Robert Putnam's critics are largely right.
On the one hand, the Harvard sociologist's latest bestseller, Our Kids: The American Dream in Crisis, is a synthesis of charts and data brought to life through skillful and at times heart-wrenching stories of the uneven playing field facing young people across the country. The book creates empathy and urgency around America's "opportunity gap," declining economic mobility and life chances for kids from poor socioeconomic backgrounds.
Yet, despite the book's careful exploration of what this gap means, including diminished wealth, financial insecurity, and isolation of the poor from our communities and civil society, the book offers only a broad-brush explanation of what caused the problem and is now accelerating these unsustainable trends.
There is nothing controversial in Our Kids -- no bad guys, no culprits, no boogeymen. By not calling out root causes and key actors, Putnam enables those on both sides of the political spectrum to enter his big tent. This, in itself, is a remarkable victory. But it also means that Putnam has no foundation upon which to build a coherent policy strategy. Indeed, Putnam himself preempts this criticism, noting that he is simply offering a "menu of complementary approaches" and that it would admittedly "take hard work to turn this set of suggestions into a comprehensive plan of action."
Fair enough. But by going just a few steps further, Putnam would find solutions that are less onerous -- and less expensive -- than many assume. He should start by looking at our nation's tax policy, which is one of the most powerful tools at our disposal to address income and wealth inequality.
Putnam notes that making the appropriate investments in kids is likely to be an expensive proposition. Focusing on the tax code would mean that rather than requiring net new expenditures, we can coalesce around the strategic reuse of the existing $540 billion in tax expenditures already devoted to helping Americans build wealth through tax credits, deductions, exclusions, exemptions, deferrals and reduced tax rates. We would shift these dollars to increase investment in low-income children and families, while no longer directing support to wealthy households who don't need these extra incentives.
Putnam encourages consideration of specific tax policy efforts, including expanding the Child Tax Credit and Earned Income Tax Credit (EITC), which increases income for low-income workers. These are excellent first steps. In CFED's report, From Upside Down to Right-Side Up, we detail how the benefits of U.S. tax policy flow overwhelmingly toward wealthy individuals and families. Simply put, the richer you already are, the greater your opportunities to build even more wealth through the tax code. Strengthening the historically bipartisan and demonstrably effective EITC would help turn this upside-down system right-side up.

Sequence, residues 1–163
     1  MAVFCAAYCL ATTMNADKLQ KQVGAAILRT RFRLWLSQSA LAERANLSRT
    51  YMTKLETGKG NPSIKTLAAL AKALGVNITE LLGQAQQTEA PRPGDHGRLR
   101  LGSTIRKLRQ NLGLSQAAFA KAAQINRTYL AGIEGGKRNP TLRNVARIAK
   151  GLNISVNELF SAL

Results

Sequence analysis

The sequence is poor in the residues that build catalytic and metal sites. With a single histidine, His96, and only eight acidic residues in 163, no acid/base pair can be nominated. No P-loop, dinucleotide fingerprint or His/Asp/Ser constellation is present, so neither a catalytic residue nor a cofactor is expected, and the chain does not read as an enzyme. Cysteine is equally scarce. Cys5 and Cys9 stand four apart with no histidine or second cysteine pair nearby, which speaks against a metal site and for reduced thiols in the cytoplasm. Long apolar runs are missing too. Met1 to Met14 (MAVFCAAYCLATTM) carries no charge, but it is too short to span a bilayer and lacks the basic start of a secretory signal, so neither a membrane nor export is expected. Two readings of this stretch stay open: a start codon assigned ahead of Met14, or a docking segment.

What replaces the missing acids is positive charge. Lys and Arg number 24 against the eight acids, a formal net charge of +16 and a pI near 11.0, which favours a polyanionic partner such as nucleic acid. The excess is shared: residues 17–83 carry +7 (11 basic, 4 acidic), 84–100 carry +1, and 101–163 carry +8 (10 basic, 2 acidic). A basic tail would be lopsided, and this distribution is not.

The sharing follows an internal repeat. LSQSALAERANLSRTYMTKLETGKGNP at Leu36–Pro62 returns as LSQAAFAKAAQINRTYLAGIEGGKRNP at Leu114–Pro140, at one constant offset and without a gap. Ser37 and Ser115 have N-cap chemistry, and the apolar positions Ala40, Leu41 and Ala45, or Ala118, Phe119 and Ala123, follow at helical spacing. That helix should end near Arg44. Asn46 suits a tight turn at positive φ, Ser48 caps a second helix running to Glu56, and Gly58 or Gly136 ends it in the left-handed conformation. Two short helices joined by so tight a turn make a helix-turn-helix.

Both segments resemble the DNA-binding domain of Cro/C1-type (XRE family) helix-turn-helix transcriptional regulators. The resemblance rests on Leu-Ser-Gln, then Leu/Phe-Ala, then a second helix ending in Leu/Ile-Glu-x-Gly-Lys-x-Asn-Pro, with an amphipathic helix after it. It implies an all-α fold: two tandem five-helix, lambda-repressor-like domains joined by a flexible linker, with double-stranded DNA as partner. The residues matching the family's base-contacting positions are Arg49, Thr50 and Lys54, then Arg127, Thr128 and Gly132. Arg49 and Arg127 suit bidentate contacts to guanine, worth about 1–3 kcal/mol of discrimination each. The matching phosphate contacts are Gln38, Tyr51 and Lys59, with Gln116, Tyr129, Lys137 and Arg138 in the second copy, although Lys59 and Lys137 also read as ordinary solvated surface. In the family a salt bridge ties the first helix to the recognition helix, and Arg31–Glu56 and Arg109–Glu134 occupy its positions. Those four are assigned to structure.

But we shouldn't stop there. We can help our kids aspire to higher education by restructuring the investment income tax and eliminating the $600 million deduction for college tuition and fees, both of which go primarily to wealthy families. The savings should then be directed into an economic opportunity fund for low-income students.
We already know that children from low-income families with as little as $500 (or even less) in a savings account restricted for higher education are three times more likely to attend college and four times more likely to graduate. We also know there are remarkable ripple effects in social and emotional development in families with Children's Savings Accounts, including less depression and more optimism in parents.
A restricted-use savings account for every child in America, coupled with structured family outreach and support through our existing large-scale civic institutions, would create opportunity and provide hope to millions of our kids and our families.
We should never lose sight of the productive capacity of all people, including the poorest among us whose lack of opportunity severely impedes their potential. Our Kids succeeds in making the case that when this potential, starved of opportunity-sustaining oxygen, withers and dies, it is both an individual and a societal tragedy. Addressing this tragedy deserves a strong and cohesive response. Let's start by taking a serious look at our upside-down tax policies, which exacerbate the wealth gap and do little to help those most in need.
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